What can we expect from Nightjar? 
Nightjar is an unusual bar design I saw in the States. It’s an idea I’ve always had in the back of my head but it was never really my style. I’m doing it anyway obviously. It’s going to be a dive bar – we’ve teamed up with Sailor Jerry and used quite a bit of their artwork. Everyone on the Coast is starting to ban tattoos but we’re not doing that. It’s very casual, just walk straight in off the beach, wear whatever you like. It’s going to have a real locals feel about it. We’ve gone for that really grungy vibe, let your hair down and away you go. There’ll be live music, a good range of cocktails and the fitout is very bespoke, Steampunk 1950’s American tattoo art-style. We should be open early October.

Why did you decide to open up the Coast’s first small bar?
I’ve always wanted to do bars and I think the Coast is lacking good ones. Personally I like to go have a drink but I don’t really like going to pubs. I prefer to go to a smaller venue where you can meet local people and have a drink with them. I wanted somewhere I could go myself that’s why I decided to just do it.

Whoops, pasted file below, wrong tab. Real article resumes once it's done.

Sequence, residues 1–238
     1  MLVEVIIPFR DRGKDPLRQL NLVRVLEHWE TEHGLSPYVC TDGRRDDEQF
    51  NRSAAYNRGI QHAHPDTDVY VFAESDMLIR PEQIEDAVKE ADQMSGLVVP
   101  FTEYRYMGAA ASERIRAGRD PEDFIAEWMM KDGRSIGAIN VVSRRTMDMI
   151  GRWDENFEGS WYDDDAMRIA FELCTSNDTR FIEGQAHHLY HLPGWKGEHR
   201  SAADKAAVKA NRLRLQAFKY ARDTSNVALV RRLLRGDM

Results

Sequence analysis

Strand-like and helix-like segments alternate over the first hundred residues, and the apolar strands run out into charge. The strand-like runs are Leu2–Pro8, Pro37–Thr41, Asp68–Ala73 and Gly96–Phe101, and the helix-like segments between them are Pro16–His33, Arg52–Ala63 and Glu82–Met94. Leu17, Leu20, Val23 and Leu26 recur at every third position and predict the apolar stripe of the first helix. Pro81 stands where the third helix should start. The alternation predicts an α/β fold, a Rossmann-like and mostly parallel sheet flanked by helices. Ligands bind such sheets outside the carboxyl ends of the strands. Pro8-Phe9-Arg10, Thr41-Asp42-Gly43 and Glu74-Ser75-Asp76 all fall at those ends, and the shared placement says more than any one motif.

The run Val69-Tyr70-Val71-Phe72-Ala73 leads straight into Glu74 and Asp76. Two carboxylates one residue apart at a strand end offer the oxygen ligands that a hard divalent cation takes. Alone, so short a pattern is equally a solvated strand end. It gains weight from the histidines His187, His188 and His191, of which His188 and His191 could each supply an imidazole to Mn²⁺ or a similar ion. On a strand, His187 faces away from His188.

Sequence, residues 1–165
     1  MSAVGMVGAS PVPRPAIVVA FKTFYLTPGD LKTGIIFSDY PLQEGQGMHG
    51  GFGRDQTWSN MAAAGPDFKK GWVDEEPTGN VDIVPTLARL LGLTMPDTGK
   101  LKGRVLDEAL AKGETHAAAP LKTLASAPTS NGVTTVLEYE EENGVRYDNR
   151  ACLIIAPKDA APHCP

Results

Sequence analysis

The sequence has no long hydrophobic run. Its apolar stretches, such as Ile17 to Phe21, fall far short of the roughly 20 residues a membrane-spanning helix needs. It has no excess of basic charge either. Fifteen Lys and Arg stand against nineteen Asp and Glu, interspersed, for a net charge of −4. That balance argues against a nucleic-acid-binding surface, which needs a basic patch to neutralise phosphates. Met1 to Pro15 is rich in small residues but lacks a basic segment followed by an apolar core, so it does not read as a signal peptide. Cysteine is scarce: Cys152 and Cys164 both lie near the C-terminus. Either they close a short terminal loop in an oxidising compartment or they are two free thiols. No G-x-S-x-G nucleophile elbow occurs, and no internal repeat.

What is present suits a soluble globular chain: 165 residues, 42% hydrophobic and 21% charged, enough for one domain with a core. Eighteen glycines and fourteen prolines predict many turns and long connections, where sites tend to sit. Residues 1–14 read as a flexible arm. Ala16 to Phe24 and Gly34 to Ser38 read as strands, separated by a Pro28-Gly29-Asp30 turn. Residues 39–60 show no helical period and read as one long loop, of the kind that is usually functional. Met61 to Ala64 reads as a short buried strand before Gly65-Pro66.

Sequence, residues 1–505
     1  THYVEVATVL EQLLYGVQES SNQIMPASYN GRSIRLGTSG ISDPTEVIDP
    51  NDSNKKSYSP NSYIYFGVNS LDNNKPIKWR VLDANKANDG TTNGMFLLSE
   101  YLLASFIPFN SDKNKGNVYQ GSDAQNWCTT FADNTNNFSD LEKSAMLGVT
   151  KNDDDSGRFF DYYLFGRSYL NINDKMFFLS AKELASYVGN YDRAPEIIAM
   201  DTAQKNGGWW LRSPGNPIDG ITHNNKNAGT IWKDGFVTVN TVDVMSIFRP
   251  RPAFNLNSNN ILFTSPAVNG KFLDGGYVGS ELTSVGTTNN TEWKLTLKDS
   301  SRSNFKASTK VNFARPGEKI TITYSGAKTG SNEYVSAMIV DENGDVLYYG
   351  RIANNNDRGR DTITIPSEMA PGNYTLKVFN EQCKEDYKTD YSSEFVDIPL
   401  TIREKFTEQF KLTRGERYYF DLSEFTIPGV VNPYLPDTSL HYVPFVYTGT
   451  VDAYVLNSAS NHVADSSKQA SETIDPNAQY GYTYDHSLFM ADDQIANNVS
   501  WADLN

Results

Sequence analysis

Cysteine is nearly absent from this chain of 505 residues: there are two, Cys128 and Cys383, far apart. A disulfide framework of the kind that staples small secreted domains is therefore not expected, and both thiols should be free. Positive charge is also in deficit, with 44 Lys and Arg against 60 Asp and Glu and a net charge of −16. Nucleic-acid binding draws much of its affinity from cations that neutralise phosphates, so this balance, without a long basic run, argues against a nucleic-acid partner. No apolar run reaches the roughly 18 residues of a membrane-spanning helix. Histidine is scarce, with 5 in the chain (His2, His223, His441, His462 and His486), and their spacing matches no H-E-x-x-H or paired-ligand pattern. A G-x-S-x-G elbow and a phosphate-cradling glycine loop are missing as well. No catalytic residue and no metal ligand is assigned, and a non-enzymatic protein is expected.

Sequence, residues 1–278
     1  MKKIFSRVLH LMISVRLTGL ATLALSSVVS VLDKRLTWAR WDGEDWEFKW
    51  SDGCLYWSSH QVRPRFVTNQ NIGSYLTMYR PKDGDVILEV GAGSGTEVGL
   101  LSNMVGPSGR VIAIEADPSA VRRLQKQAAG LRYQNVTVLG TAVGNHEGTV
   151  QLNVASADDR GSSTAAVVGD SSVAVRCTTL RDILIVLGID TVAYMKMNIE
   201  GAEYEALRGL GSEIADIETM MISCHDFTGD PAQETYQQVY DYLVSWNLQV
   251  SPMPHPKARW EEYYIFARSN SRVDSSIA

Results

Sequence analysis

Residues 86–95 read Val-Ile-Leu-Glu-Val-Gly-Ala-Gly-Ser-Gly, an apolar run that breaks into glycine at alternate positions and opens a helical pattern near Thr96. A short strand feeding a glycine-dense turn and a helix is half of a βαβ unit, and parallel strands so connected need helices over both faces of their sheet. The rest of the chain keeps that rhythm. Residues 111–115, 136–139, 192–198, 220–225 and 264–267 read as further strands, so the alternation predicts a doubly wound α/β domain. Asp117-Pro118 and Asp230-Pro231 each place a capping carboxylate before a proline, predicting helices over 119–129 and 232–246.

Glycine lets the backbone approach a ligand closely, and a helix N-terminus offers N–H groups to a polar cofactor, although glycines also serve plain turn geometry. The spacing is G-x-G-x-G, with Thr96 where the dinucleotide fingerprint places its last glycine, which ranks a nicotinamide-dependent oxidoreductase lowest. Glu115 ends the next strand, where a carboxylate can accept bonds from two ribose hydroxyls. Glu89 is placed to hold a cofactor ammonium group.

What do you think about our rapidly expanding hospitality scene?
I think it’s good; everyone’s coming up with new ideas at the moment and really going the extra mile. We’re catching up to the big cities now. The suburbs are starting to boom and I think that has a lot to do with people being able to walk to restaurants. The Coast is just getting better and better with a lot more options and it’s going to keep growing.

Do you have any other plans in the pipeline?